Limerick Whiskey row is resolved, court told

business
Limerick Whiskey Row Is Resolved, Court Told
A High Court dispute over the use of the name 'Limerick Whiskey' on a brand of spirits has been resolved.
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A High Court dispute over the use of the name 'Limerick Whiskey' on a brand of spirits has been resolved.

The action was brought by Nicholas Ryan and the company he set up, Limerick Spirits Company Ltd against Anthony Foote, Liam McInerney and Michael Fitzgerald and a linked company Limerick Distillery Company Ltd.

Mr Ryan and his company sought various orders including injunctions preventing the defendants from using the name 'LimerickWhiskey', which it was claimed they intended to do.

Restraining orders

The plaintiffs had also sought orders restraining the defendants from using confidential information allegedly obtained from them, or from representing that the sale of the defendant's products is approved and supported by the plaintiffs.

They further seek an order requiring the defendants to either delete or surrender all social media channels, web domains, trademarks and intellectual property that refers to Limerick whiskey.

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The defendants had denied any wrongdoing and had argued that all the claims made against them were baseless.

Earlier this month Mr Justice Senan Allen had granted the plaintiffs permission to bring short notice of the proceedings against the defendants.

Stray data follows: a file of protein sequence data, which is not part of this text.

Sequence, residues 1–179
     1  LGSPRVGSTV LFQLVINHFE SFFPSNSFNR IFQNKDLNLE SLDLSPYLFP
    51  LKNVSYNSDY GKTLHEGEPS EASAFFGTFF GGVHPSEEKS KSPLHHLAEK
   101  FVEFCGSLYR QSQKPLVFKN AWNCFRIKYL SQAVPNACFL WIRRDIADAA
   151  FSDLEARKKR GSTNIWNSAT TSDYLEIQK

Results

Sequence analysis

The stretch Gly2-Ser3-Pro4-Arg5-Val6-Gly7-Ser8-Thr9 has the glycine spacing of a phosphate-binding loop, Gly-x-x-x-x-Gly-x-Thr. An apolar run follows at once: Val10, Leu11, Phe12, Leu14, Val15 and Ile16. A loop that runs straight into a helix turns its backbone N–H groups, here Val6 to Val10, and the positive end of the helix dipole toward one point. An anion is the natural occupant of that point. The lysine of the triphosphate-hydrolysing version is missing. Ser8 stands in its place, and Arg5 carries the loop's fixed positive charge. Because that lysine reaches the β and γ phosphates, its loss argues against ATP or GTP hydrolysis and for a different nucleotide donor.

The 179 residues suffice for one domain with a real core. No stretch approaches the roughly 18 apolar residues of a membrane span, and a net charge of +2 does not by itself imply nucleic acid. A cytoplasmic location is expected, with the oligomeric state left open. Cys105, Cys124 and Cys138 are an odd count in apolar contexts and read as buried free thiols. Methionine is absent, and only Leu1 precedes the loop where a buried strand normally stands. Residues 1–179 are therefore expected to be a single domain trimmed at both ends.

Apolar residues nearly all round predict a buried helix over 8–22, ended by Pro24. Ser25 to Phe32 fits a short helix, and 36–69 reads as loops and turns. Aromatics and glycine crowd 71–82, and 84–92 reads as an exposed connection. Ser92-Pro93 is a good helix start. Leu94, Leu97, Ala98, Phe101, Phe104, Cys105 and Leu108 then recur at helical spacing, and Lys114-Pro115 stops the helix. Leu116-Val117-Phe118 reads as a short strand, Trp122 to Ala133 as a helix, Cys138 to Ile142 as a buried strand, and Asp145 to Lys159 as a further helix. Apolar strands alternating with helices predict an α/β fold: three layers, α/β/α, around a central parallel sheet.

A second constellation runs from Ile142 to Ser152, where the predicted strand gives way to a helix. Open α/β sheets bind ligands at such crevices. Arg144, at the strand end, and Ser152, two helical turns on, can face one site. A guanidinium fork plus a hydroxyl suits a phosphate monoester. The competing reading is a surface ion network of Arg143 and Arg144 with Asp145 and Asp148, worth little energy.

Settlement

When the matter returned before the Judge on Tuesday the court was told by Paul Coughlan Bl for the defendants that the matter had been resolved, and could be struck out.

No details of any settlement arrangement between the parties were given in open court.

In his action Mr Ryan had claimed that and his company are currently and actively trading under the 'Limerick Whiskey' brand name, which he registered.

That particular brand of whiskey, he claimed, is made with locally sourced materials, distilled inLimerick and matured in Ireland.

He had claimed that the defendant's proposal to sell a spirit entitled 'Limerick Whiskey, which he learned about from a newspaper report, would damage his business reputation.

He also claimed that he had held discussions with the defendants in 2019, but nothing came of those discussions, but alleged they had used information concerning the whiskey business given to them during those talks.

The defendants had denied that any sensitive information was disclosed to them and denied Mr Ryan had any goodwill or reputation in the Limerick Whiskey Brand.

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